MIDDLEBURY — When Katherine Smith Abbott heard the news in 2005 that the Middlebury College Museum of Art was considering purchasing a 600-year-old Italian painting, she was elated. This was right up Smith Abbott’s alley.
An associate dean and a professor of art history at the college, Smith Abbott specializes in Italian Renaissance art. She knew that the college museum didn’t own any work from the Italian Renaissance, and she urged the museum’s director to consider the purchase, both because of its condition and the void it filled in the college collection.
As it turned out, that panel — “Virgin and Child with Saints John the Baptist and Nicholas of Bari,” attributed to the Florentine painter Lippo d’Andrea — not only filled what Smith Abbott saw as a void in the museum’s collection, but ultimately inspired the remarkable exhibit of early Renaissance art now on display at the college.
“The Art of Devotion: Panel Painting in Early Renaissance Italy” opened this month at the Museum of Art, and brings together 15 works of Renaissance painting that sheds light on the market for art in 15th-century Florence.
For Smith Abbott, guest curator of the exhibit, the show stemmed from her academic sleuthing into the d’Andrea panel. Soon after the college acquired the work at a Sotheby’s auction in London, she began digging into d’Andrea’s story, and soon learned that not everyone believed he was the painter behind the “Virgin and Child” panel.
“I stumbled into this whole arena of scholarly debate about who this figure is, what his circle of contemporaries looked like, and when he was working and what kinds of individuals were interested in acquiring his work,” she said.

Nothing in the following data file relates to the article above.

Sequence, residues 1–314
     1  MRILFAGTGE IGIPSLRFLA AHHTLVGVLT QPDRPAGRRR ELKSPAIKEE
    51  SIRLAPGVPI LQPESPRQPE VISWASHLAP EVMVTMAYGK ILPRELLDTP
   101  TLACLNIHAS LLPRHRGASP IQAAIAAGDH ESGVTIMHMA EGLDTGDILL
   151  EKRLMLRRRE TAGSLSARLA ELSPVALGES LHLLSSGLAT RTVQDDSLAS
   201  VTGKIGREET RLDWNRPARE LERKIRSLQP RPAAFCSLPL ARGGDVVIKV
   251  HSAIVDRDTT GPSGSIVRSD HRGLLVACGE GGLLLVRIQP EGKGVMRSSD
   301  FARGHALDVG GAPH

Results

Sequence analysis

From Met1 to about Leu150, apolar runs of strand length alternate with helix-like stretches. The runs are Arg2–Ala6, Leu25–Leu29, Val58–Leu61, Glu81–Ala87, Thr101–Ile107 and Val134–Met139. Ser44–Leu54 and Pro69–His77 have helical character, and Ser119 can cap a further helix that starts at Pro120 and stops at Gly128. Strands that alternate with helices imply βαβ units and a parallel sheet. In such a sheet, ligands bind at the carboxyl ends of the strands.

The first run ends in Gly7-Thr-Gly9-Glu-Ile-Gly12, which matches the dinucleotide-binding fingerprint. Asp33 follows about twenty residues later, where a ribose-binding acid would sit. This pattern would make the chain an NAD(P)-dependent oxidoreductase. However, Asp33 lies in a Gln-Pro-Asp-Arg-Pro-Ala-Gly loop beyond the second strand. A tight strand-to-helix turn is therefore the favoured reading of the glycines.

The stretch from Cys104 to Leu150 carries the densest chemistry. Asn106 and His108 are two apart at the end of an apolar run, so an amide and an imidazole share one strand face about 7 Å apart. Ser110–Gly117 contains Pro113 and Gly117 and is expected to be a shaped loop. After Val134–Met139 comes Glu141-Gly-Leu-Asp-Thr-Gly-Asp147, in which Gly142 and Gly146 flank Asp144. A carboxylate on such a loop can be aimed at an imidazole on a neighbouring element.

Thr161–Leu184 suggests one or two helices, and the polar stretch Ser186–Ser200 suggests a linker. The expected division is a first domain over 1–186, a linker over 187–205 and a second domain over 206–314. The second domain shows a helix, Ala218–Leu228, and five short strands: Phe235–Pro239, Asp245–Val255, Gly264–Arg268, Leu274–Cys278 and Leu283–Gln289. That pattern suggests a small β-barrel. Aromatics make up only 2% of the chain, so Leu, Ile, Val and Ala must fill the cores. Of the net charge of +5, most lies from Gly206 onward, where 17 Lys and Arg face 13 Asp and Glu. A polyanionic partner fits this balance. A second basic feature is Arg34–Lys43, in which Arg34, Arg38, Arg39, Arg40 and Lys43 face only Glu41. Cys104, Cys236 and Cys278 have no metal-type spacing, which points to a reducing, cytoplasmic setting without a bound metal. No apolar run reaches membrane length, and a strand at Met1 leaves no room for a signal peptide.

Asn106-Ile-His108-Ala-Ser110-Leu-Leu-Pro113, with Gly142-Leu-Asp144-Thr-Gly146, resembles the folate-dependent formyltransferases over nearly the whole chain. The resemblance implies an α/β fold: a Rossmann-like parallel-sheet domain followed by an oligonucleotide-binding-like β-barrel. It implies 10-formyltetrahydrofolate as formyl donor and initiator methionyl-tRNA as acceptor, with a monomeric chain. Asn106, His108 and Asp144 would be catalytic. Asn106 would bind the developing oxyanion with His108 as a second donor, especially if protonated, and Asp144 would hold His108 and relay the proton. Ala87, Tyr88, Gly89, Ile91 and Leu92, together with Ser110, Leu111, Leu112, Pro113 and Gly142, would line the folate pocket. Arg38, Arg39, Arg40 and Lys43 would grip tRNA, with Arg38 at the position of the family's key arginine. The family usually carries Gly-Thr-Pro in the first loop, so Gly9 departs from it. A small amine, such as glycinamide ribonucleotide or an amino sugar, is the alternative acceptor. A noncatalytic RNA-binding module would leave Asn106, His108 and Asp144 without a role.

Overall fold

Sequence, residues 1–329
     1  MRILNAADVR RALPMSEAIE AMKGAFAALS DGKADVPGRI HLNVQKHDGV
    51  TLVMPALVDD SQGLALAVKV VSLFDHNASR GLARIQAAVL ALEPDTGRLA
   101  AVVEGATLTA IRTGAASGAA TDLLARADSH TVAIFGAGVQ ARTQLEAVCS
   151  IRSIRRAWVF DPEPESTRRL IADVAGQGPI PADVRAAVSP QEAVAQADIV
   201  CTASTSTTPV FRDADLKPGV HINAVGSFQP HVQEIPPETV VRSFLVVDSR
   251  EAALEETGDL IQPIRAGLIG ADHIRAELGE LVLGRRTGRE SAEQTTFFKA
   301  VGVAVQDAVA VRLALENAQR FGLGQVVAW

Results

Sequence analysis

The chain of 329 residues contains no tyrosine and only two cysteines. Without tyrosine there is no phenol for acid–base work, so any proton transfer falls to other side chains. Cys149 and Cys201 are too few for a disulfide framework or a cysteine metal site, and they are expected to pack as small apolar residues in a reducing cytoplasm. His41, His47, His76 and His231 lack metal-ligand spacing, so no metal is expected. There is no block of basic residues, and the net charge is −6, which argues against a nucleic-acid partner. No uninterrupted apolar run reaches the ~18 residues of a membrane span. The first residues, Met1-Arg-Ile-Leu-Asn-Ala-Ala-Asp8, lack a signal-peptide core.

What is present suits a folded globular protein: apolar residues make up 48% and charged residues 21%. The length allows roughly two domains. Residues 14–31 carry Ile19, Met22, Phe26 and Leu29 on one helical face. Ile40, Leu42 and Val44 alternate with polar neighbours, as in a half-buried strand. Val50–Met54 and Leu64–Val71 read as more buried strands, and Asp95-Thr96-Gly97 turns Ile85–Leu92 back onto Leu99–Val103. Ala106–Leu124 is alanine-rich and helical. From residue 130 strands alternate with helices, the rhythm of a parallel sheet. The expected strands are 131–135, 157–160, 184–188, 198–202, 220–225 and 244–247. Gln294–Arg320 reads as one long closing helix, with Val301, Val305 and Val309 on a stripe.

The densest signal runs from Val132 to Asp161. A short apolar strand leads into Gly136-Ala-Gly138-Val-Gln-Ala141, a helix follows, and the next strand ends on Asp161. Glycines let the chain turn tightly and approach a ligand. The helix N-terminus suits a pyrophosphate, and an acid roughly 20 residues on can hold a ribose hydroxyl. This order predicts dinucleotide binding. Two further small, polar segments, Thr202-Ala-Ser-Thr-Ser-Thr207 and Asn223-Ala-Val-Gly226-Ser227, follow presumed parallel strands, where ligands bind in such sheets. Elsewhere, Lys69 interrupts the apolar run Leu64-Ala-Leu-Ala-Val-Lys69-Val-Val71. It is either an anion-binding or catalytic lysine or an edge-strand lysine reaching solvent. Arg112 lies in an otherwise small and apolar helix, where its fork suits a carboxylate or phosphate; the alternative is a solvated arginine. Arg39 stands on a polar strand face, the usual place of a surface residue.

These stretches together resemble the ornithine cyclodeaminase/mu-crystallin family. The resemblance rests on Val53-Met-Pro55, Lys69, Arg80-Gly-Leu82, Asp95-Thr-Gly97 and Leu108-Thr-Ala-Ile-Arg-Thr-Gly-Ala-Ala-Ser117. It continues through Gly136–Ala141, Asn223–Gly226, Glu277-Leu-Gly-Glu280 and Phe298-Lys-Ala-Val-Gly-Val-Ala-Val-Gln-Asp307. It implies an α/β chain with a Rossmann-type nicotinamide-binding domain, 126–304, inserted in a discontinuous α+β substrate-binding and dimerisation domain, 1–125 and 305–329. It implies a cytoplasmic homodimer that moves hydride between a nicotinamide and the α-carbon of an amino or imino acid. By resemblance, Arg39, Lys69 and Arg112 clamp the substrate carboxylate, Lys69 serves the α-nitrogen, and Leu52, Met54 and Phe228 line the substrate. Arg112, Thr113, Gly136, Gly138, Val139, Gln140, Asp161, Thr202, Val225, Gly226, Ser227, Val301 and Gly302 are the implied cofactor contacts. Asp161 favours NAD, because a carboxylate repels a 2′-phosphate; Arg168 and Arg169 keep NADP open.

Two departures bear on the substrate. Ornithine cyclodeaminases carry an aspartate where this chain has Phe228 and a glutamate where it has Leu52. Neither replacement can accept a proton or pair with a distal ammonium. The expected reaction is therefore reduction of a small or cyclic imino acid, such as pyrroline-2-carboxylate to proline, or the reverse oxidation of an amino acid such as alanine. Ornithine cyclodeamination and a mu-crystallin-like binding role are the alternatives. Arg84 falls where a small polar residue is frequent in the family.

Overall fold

That debate is what led Smith Abbott to envision this exhibition — the first she’s curated — more broadly. D’Andrea was one of many Florentine artists in the early 15th century producing devotional panels like the college’s “Virgin and Child” work, though their story runs parallel to the “traditional story” of the Renaissance.
“It’s a very complicated and rich moment in the history of art,” she said. “Artists began to visually and conceptually question transition.”
But many artists, like d’Andrea, resisted those experimental trends, and today these artists’ contemporaries are the ones credited with making radical changes. For artists like d’Andrea, painting devotional panels was a conservative choice but also a lucrative one; shying away from tradition was economically risky.
“These guys are really traditional,” Smith Abbott said. “They are, by sweeping generalization, conservative, tied to tradition, and not interesting in departing, or questioning, or rejecting. They really actually exemplify the market for art in early 15th century Florence.”
Smith Abbott, for what it’s worth, doesn’t put much stock in the theory that another artist painted the Middlebury panel. That doesn’t clear up all of her questions, though, and she’s still trying to find out who commissioned the panel, and where it originally hung.
Because the panel is preserved in its original frame, she’s one step closer to finding some of those answers. Smith Abbott pointed out two small crests at the base of the frame which came to light after the recent conservation of the panel. Each crest bears a different insignia. Typically, she said, including two different family crests on a devotional panel like this one indicates that the painting may have been a gift for a marriage or engagement, signifying the union of two families.